• Louise's toast. I, for one, did not know that the groom's moth­er met the bride's father dur­ing fresh­man week at Car­leton. Amaz­ing. The stars had been spelling it out since day 1, really.
  • It must be said: Maggie's boobs.
law & order the ancient past

Deep Throat / Not so deep after all

So as it turns out, Bob Wood­ward met Deep Throat in a White House wait­ing room. Of all the juke joints in all the world! Wood­ward was a lieu­tenant in the Navy and often deliv­ered doc­u­ments to the White House. Felt was there on FBI busi­ness, undoubt­ed­ly look­ing out for the best inter­ests of the nation. Woodward's account is amaz­ing. All these years, I thought Deep Throat was some kind of all-know­ing genius. Turns out he was a petu­lant admin­is­tra­tor who was bit­ter about being passed over at pro­mo­tion time. One must ask: Why the *hell* did his fam­i­ly think that this was a good idea?Woodward offers a glimpse at the kind of thing we'll prob­a­bly read once Felt pub­lish­es his own account. Too bad the cloak-and-dag­ger "pre­arrange­ments" sound so corny:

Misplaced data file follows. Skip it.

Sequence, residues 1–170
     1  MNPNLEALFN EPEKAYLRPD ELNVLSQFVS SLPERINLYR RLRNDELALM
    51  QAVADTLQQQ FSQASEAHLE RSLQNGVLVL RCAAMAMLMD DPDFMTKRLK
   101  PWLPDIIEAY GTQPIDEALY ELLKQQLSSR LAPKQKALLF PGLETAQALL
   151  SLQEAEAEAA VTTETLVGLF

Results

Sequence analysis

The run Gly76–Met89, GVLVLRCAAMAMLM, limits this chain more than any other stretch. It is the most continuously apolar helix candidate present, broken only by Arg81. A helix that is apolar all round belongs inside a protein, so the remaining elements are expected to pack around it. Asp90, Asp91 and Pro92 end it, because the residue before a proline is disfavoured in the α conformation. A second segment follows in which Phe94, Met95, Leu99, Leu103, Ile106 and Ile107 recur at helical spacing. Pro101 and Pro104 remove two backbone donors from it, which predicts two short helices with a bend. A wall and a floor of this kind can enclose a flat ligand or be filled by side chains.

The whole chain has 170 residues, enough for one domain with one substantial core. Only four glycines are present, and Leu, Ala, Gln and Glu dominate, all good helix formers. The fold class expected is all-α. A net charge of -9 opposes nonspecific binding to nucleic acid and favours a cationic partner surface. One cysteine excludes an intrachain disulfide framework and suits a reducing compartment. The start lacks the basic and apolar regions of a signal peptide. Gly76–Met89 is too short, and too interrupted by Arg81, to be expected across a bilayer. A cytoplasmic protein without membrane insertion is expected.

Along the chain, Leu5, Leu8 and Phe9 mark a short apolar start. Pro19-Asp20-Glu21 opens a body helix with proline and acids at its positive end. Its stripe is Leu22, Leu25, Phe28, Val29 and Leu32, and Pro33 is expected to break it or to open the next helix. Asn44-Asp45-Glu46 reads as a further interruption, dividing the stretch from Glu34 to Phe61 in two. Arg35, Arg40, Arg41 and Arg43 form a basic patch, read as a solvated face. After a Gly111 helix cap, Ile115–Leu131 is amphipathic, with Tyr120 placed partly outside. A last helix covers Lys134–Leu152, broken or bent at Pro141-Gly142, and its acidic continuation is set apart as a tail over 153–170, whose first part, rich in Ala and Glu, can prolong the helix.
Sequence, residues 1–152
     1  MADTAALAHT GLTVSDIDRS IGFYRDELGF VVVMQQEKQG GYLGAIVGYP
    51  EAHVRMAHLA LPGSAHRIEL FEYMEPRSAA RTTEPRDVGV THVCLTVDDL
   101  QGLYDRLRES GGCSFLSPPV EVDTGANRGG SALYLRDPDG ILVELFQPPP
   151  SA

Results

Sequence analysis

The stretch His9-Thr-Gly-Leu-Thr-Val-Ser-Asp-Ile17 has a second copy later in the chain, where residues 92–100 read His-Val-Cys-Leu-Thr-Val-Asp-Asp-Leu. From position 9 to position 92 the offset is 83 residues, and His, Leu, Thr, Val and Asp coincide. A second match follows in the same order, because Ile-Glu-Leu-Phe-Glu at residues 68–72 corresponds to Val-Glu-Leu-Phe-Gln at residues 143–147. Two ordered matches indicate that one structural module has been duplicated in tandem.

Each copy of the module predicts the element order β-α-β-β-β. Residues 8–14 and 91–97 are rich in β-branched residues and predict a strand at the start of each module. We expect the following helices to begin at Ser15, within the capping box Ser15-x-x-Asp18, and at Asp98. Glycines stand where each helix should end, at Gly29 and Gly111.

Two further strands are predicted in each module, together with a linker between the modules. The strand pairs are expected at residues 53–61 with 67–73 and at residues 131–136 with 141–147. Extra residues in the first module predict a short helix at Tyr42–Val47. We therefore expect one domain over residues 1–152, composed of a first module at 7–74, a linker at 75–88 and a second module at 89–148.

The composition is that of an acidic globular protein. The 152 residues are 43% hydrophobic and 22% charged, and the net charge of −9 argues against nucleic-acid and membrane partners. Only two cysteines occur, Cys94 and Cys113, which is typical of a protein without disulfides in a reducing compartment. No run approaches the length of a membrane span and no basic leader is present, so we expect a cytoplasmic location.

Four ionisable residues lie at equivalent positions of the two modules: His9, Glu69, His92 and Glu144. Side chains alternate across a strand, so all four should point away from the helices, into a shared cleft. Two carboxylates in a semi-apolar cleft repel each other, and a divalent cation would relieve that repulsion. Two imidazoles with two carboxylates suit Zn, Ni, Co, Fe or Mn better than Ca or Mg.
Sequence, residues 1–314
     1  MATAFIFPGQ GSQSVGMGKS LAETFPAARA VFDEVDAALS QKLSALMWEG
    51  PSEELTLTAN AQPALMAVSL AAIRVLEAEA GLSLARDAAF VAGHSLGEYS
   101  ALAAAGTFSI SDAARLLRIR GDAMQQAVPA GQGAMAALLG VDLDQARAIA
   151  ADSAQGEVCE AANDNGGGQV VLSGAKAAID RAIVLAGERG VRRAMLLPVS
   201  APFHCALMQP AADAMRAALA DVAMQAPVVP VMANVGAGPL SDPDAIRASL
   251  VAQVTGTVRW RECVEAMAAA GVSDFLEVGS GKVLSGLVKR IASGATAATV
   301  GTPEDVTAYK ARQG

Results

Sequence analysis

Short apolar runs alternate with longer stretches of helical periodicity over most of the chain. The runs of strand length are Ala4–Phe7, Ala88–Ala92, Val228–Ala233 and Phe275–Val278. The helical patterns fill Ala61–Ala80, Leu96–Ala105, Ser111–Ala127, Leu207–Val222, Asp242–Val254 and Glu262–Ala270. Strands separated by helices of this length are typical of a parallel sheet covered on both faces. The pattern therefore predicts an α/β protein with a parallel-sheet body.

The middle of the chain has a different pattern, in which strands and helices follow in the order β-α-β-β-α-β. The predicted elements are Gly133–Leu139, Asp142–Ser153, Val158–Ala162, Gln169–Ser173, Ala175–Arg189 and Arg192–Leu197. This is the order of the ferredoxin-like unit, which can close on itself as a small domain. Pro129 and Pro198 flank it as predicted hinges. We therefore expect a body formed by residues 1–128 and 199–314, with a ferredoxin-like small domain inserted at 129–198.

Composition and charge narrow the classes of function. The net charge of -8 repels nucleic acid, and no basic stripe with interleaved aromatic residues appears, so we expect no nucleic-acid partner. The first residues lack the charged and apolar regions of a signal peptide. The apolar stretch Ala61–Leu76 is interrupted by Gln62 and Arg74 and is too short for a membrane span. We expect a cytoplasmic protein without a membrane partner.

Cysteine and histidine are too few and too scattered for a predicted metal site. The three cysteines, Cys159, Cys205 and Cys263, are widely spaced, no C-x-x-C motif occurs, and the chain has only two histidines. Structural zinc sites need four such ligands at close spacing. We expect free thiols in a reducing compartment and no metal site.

Take the alley. Don't use your own car. Take a taxi to sev­er­al blocks from a hotel where there are cabs after mid­night, get dropped off and then walk to get a sec­ond cab to Ross­lyn. Don't get dropped off direct­ly at the park­ing garage. Walk the last sev­er­al blocks. If you are being fol­lowed, don't go down to the garage. I'll under­stand if you don't show. All this was like a lec­ture. The key was tak­ing the nec­es­sary time — one to two hours to get there. Be patient, serene. Trust the prearrangements.

Wood­ward also revis­its some All the President's Men ter­ri­to­ry in describ­ing the ear­ly days of his Water­gate report­ing. Before Felt got involved, he and Bern­stein did some ele­men­tary leg­work that result­ed in a some­what hilar­i­ous rev­e­la­tion about the (ahem) depth of the scandal: